I have always cooked most meals from scratch, but in the early days, it was a bit harder, having a full time job and 2-3 freelancing jobs on top made it a bit complicated to be a master chef every night. You want to optimize both the time you spend in the kitchen and the food budget, while eating healthy.
It can be tempting to microwave a £1 ready meal some days, getting the time and budget parameter in check, but if you look at the list of ingredients, you won’t want to repeat that too often. So how do you score all three?
Cheap easy meals at home
Meet your two new best friends: the freezer and the slow cooker. Throw anything in the morning into your slow cooker, a piece of cheap beef, some vegetables and a few potatoes, and you will come back to a delicious homemade stew for dinner. Prep work is limited as you only need to chop the vegetables, and with a little imagination (spices, replacing potatoes with butternut squash or lentils, etc.) you can make an endless list of meals. Better yet, you can throw in any vegetable that is about to go bad in your fridge, and reduce your food waste to zero.
Make a little extra, so you can freeze some portions or take your leftover dinner to work the next day.
Batch cooking is awesome because the cost per portion goes down with the number of portions you make. You only need to use the oven once if you make lasagna for four or for twelve. Be sure to mark your Tupperware and order them neatly in the freezer so you don’t forget about food.
– A big pack of meat. Cheaper than the smaller portions, meat will not be the center of your meal anymore, but added for the taste. Minced meat makes for great chili, tacos, lasagna, cottage pie, meatballs, burgers, and so on. All those recipes are really easy to prepare once you get the hang of it, and most can be batch cooked and frozen. Meat for stew is also cheaper than steak, and you can eat a smaller bit as the vegetables and potatoes will keep you full.
– Discounted vegetables. It can be the vegetables that have a short shelf life and are heavily discounted by the store, or the ones that are in season and cheaper than usual. You can chop them on the day you buy them and freeze them so you can prepare a quick stir fry on a lazy day, or throw them directly in your slow cooker during the week. You can even keep those cheap frozen veggies for a few months, while their price go up.
– Discounted fruits. Same thing as the vegetables, cut them and freeze so you have them ready for a morning smoothie or a fruit pie. From my experience, thawing fruits to put in a fruit salad is not great but you won’t feel the difference in a recipe where they are cooked or blended.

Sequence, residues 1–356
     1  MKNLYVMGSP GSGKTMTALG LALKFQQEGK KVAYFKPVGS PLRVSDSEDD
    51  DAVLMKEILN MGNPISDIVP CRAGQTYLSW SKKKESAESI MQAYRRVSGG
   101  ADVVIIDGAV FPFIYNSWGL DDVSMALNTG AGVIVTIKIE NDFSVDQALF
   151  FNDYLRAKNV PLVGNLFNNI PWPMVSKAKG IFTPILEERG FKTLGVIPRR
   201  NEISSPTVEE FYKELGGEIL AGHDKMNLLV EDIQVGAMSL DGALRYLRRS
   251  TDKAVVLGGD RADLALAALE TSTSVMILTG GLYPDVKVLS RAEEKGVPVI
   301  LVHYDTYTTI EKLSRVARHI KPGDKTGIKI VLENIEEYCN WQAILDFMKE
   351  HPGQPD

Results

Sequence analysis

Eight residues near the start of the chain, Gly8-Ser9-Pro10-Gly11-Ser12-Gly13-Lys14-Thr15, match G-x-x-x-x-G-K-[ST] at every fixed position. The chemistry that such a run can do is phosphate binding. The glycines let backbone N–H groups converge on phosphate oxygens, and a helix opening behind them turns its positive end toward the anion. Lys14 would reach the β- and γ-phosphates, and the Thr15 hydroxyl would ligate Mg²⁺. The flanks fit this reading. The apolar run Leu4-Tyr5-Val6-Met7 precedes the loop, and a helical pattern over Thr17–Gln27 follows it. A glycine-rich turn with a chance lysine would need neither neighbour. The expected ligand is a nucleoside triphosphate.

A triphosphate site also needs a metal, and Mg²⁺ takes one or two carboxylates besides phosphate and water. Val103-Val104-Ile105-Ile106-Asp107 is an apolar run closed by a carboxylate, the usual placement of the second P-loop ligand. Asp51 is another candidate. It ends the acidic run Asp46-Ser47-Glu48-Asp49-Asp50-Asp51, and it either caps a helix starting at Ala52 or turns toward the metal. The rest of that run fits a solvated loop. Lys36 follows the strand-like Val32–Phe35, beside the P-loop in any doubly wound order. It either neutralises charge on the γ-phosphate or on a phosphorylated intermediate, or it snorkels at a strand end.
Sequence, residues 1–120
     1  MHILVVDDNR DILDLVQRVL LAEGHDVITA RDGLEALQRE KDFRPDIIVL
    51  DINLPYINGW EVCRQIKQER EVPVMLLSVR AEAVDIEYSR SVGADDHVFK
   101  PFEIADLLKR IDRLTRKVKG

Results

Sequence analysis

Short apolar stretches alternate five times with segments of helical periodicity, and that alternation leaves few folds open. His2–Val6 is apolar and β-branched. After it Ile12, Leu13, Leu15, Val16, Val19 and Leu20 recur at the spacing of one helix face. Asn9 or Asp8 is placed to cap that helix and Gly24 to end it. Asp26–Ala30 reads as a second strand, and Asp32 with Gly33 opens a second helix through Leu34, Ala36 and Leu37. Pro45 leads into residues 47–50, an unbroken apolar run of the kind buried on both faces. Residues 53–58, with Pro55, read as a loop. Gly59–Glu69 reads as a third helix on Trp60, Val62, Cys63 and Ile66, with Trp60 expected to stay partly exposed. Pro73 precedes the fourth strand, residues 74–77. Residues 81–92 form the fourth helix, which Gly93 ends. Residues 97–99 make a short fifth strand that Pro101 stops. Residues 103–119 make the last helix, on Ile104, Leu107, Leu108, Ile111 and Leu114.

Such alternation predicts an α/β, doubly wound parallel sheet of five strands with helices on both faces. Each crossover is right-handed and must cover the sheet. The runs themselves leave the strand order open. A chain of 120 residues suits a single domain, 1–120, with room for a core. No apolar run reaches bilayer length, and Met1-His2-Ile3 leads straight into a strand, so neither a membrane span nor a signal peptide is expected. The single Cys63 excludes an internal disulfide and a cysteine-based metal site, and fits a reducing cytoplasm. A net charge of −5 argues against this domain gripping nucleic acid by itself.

– Grains. I love lentils, white beans, red beans, chick peas, couscous, quinoa… they are cheap and filling. Add them to your stews, soups and chilis and you will be full with half the meat you used to need.
Now on top of stews, you also have all the ingredients to make a quick fried rice or stir fry. If you cook some rice at the beginning of the week you will have it ready to throw in the pan with some vegetables, an egg and maybe a little meat, and dinner will be ready in 5 minutes.
Start experimenting with spices and herbs (cumin, thyme, curry, rosemary, coriander, basil, mint…) and no two meals will look the same.
I also love the “anything salad”, which accommodates anything I have in the fridge. It always starts the same:
– A bed of lettuce or iceberg, so you don’t have to wash it and it is much cheaper than bagged salads. Raw spinach is pretty good too.
– Or a base of rice, beans, lentils, chick peas, whatever you have ready from another meal, cooked and cold already.
– Proteins in the form of boiled eggs, leftover chicken, a can of tuna, bacon…
– Vegetables, the ones you didn’t freeze that only have a few days left.
Again, thousands of options to mix and match, and as you gain practice, they will look good too!
There you have it, easy and quick to prepare, with cheap ingredients, and healthy for your diet.
Eating healthy and cheaply at work
I get it, you want to be the cool kid who eats lunch out with the cool colleagues. £8 lunches five times a week, 48 weeks per year? That would be £1,920, please.
How about instead you become the super cool kid who goes on a month long holiday with that money? Or, let’s be crazy, the super awesome kid who retires 10 years earlier with the savings?
Bringing lunch to work allows you to reuse leftovers, and always allows for a healthy option instead of a greasy fast food.
If you really can’t, check out the office’s cafeteria. My big firm’s cafeteria had sponsored meals for £1.50 if you didn’t eat meat, for that price you could get a huge salad, bread, cheese and a fruit or a yogurt. Quick, healthy, and still social with your colleagues. You can have meat at night with your family.
No office cafeteria? You should spend a week or two checking out the places around work, to find the best deal around. Do they have a loyalty card? Japanese, Indian or Thai restaurants often have cheap lunch menus that are pretty healthy and just a bit pricier than a fast food. A sandwich is a good option too, provided you don’t go crazy on the sauce.